Outus Sealing Wax and Seal

sealing wax 2

Awhile back, one of my blog followers and former colleague, Neil, gave me an Outus sealing wax and seal set.

The Outus brand is made by the Anhui Yashengweige Wangluo Keji Youxian Gongsi company based in Hefei, China. The city of Hefei is one of China’s special economic zones. With a population of 7,869,000 inhabitants it is almost double the population of the whole province of Alberta and makes Canada’s largest city, Toronto, seem like a village with its population of 2,731,571 (even the greater Toronto area only has a population of 5,928,040). It amazed me when I was visiting China just how large and populous a county it is and how little I really knew about it.

This set came with a sturdy brass seal imprinted with a tree on a wooden handle as well as eight sticks of sealing wax. The only kind of sealing wax that I have used before is the type with a wick (for more information, please see this blog post https://margretputspentopaper.wordpress.com/?s=sealing+wax). While two of these sticks have a wick, the rest do not so I had to figure out how to use them.

I tried just using a lighter to melt the stick but I couldn’t comfortably keep the flame going long enough to melt quite enough wax to make a nice looking seal.

envelope seal2

I also tried heating the wax stick over a candle and then just smooshing it onto the envelope in a circle but again I couldn’t get enough wax on the paper to make a nice seal. The end result looking like squashed bubble gum (I was using the bright pink) and was so unappealing I didn’t even take a picture.

Next, I attempted using a candle but I had to hold it at an angle and the candle wax started to drip. The resulting seal ended up being a combination of blue candle wax and silver sealing wax with some soot from the smoking candle mixed in.


After that I thought I should consult the internet. It turns out that the non-wicked type of sealing wax is the traditional type. Sometimes it is sold with a little ladle-like spoon meant to be heated over a candle with a small chunk of the wax in it. While this set didn’t come with a spoon, I had a cheap teaspoon from our camping gear I didn’t mind experimenting with. I cut off a piece of wax (I could have used a smaller amount), put it on the spoon, and heated it with a small candle.


It didn’t take long to melt and I was easily able to pour the wax onto the envelope.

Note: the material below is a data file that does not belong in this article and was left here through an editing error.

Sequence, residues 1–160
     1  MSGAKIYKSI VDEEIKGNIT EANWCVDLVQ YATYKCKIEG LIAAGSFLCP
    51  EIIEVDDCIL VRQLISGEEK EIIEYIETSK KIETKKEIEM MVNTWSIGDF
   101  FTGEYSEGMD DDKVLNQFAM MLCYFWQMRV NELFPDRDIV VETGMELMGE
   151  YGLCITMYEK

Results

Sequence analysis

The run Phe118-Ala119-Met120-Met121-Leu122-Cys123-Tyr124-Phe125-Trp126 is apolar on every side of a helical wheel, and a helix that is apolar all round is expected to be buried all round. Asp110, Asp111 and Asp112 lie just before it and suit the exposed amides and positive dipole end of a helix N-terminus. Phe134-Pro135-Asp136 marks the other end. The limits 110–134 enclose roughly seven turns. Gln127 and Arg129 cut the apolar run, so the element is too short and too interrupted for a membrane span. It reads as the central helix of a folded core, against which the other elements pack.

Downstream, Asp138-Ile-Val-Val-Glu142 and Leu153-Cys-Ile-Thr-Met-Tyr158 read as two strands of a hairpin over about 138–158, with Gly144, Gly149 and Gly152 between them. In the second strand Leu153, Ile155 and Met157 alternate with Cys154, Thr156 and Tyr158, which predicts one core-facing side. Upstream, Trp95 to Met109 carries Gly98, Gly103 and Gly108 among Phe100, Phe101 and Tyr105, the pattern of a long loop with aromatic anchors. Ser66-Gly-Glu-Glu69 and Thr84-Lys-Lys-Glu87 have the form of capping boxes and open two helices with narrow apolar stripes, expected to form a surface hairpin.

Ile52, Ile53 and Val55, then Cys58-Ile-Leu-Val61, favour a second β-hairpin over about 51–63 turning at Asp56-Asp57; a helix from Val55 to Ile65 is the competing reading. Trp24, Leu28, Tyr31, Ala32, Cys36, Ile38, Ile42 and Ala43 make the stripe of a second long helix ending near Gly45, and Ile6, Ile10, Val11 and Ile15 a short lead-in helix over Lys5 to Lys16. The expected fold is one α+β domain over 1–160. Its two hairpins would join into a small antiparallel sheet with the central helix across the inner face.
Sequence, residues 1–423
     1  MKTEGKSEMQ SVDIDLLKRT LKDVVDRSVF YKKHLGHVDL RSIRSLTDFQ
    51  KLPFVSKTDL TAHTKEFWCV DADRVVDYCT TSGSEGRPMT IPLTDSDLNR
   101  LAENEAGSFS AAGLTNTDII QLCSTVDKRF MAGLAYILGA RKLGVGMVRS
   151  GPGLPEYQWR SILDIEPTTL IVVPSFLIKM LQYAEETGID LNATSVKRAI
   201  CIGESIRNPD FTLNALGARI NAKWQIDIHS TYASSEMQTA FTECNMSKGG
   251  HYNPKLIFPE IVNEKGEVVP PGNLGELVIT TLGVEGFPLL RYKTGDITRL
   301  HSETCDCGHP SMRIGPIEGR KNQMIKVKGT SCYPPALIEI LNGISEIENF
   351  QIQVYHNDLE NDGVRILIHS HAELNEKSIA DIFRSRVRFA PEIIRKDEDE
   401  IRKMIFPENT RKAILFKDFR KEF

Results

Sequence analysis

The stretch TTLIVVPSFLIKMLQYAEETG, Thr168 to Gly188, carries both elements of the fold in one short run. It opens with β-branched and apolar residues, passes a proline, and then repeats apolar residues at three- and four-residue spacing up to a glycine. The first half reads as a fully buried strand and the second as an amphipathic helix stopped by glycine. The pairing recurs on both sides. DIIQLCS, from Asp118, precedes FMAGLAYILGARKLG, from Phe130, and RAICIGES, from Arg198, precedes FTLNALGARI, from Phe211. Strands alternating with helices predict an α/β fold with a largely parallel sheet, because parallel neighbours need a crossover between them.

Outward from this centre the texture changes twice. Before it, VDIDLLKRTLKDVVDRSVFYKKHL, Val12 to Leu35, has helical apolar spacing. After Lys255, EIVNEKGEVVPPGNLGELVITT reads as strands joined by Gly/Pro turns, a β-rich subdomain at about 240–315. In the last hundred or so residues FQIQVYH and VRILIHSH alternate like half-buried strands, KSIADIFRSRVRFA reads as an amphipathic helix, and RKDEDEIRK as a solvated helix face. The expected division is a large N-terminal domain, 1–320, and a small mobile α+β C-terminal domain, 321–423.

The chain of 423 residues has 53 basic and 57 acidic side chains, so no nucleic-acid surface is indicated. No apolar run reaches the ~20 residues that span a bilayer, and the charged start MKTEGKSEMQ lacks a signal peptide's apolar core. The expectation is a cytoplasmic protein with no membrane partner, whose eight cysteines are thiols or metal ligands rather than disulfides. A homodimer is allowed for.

If the Outus sealing wax and seal set was a person they would be hard to get to know but once you googled them you would see a whole new dimension.


Chinese Calligraphy


I have been interested in calligraphy for a long time and a trip to China in 2008 expanded that interest to include Chinese calligraphy. I was so fascinated that I purchased some calligraphy supplies while I was there.

One aspect of traditional Chinese calligraphy that I really love is the respect shown for calligraphy tools. They even call them the Four Treasures. These treasures are the brush, ink, paper and ink stone.

Brushes:  Calligraphy brushes are traditionally made with animal hair. As with paint brushes, different kinds of hair have different properties that affect the brush stroke. White hair in brushes is usually goat hair and are a bit softer so are good for large characters. I didn’t know anything about brushes when I bought mine in China and I actually like the slightly stiffer, brown haired brush (the one on the far right of the photo) I got when I took a Chinese calligraphy course from the Confucius Institute the following year. The course was advertised as being for all ages so I was a bit dismayed to discover most of the students were Chinese children. As I sat on my tiny chair I reassured myself that even though I may not understand Chinese like the kids did, I can sit still and listen like a pro so I had that going for me.


Ink: Ink sticks are generally made of soot that is mixed with glue and then pressed into a mold. The type of soot (pine, oil, charcoal, etc.) and other additives create different inks. Ink sticks are often decorated, as mine is, on both sides. Liquid sumi ink works well too.

Inkstick Inkstick reverse Ink

Inkstone: The inkstone is a shallow dish (with lid) used to grind the ink stick in a small amount of water to make the ink. This process takes about 15 minutes (depending on how dark you want your ink) and is considered an important meditative step to prepare yourself for creating calligraphy or to paint. Not all inkstones are made of stone, mine is ceramic, and many are beautifully decorated although I like the simplicity of mine.


Paper: For calligraphy, the best paper is slightly absorbent. I have some rice paper that was bought locally but made in Japan. For practice purposes my calligraphy instructor suggested using paper towels like the type found in public washrooms or newsprint. We were given thin paper with guide lines printed on them for learning the characters in class.

Paper2 Practice2

There are other treasures too, like the seal and the seal ink. Seals (sometimes called a chop) are used like signatures. Typically made of stone, they are used with a thick paste-like red ink. I bought mine from a street vendor in Xian, China. It is supposed to be a translation of my name but I am not sure how well she understood me. There is something very aesthetically pleasing to me to have that small addition of red to the black and white of the ink and paper.


If the Four Treasures were people, I image them as four ancient Chinese sages with long beards and silk robes that will impart their wisdom to anyone who will take the time to listen.